Péter Tarján7 Working with color Sometimes you may want to emphasize colors selectively – one way to do that is to get rid of the rest of them on the computer. Reds and yellows work very well in photos: they seem to jump out of the picture, while blue seems to recede
Péter Tarján8 Form and outline In photography it is important to distinguish form (3- dimensional shape) and outline (2-dimensional shape). Photos are 2-D, but shadows and perspective in a picture provide information on the 3 rd dimension: depth. It is useful to emphasize form in photos, otherwise they may end up looking flat and lifeless. Sidelighting usually works best. But: form can be sacrificed to emphasize outline (silhouette). The subject should remain recognizable, which means you have to select camera position and angle carefully. Other strategy for stressing shape: subject against a light, uncluttered background.
Péter Tarján9 Showing form and outline
Péter Tarján10 Texture Texture is the picture element that tells you what a surface would feel like, how rough or smooth it is. It is the indentations on the surface that provide this info and their pattern of shading. To emphasize texture, the high points of the surface should be highlighted, the deep points should be in deep shadow. To achieve that, you need extreme sidelighting (raking light). For vertical surfaces, a light that is directly overhead also works. You can show texture with a long telephoto lens or in macro mode. The amount of texture visible highly depends on lighting and depth of field! The texture of human skin usually shows the age of the person quite well.
Péter Tarján11 Showing texture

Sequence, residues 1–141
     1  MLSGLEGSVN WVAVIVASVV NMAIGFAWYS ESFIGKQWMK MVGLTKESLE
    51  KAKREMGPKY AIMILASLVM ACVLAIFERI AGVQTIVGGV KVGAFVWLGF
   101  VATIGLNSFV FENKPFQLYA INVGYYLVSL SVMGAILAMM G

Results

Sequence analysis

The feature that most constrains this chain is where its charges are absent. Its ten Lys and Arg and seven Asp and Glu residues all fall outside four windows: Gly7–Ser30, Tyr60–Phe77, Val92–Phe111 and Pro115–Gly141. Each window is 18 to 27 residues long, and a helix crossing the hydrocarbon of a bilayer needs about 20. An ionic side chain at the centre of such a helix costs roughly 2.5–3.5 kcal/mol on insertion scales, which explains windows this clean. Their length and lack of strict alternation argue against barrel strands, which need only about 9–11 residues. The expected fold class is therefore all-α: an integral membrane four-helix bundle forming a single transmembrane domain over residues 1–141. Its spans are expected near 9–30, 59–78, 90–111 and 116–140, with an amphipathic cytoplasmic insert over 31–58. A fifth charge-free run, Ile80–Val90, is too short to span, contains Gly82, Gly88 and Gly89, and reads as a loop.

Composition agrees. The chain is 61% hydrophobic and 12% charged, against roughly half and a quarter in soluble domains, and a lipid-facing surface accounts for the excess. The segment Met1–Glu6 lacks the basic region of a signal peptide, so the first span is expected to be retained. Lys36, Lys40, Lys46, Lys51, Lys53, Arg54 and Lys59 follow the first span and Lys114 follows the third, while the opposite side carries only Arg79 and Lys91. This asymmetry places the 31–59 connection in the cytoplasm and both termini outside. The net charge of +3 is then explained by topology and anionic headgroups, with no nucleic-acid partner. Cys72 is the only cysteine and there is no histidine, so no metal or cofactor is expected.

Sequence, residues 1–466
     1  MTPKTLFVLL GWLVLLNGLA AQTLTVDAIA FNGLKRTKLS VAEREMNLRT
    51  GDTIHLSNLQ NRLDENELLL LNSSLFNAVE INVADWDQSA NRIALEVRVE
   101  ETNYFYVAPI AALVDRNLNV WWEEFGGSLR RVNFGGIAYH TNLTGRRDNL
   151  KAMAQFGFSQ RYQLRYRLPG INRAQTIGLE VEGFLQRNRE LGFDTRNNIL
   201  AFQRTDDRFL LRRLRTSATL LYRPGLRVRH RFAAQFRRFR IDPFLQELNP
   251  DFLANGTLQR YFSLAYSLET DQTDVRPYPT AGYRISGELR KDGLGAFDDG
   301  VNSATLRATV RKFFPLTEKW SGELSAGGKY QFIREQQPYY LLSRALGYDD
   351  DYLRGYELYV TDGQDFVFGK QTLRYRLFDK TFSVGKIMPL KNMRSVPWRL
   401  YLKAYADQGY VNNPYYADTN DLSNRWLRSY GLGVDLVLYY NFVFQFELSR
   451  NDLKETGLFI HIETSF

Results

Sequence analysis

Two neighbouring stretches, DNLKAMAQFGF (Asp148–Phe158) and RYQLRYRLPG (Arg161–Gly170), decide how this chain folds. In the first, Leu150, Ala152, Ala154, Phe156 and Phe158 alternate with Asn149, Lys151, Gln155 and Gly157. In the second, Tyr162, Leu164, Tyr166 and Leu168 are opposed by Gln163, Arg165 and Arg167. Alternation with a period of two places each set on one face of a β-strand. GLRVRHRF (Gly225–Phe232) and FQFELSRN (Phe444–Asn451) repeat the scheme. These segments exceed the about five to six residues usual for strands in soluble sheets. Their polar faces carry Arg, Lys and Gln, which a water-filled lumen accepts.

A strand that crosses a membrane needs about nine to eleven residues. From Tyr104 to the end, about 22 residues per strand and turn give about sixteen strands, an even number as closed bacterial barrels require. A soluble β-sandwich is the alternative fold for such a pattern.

Péter Tarján12 Pattern Pattern is a repeating picture element. Pattern can be a great help in composition: by placing similar or identical subjects in the frame, you can fill the picture while keeping the composition simple. With the camera, you can isolate patterns in a way that you wouldn’t see it normally, and this can create interesting compositions. Pattern can be help accentuate your main subject in the composition or it can be the composition. The pattern in the picture shouldn’t be too uniform – it becomes dull. Some break or irregularity (a red apple in a pile of green ones) can make the photo much more interesting.
Péter Tarján13 Showing pattern
Péter Tarján14 Diagonals Diagonal lines in an image are visually appealing, especially if they originate in or near the corners. They lead the eye through the composition and result in stronger pictures. They don’t even need to be actual lines: just placing two or more compositional elements along an angled imaginary line will work too. By choosing the lens and the viewpoint well, you can turn horizontal or vertical lines into diagonals too. E.g. if you use a wide-angle lens and a close viewpoint, parallel lines on a building converge because of perspective.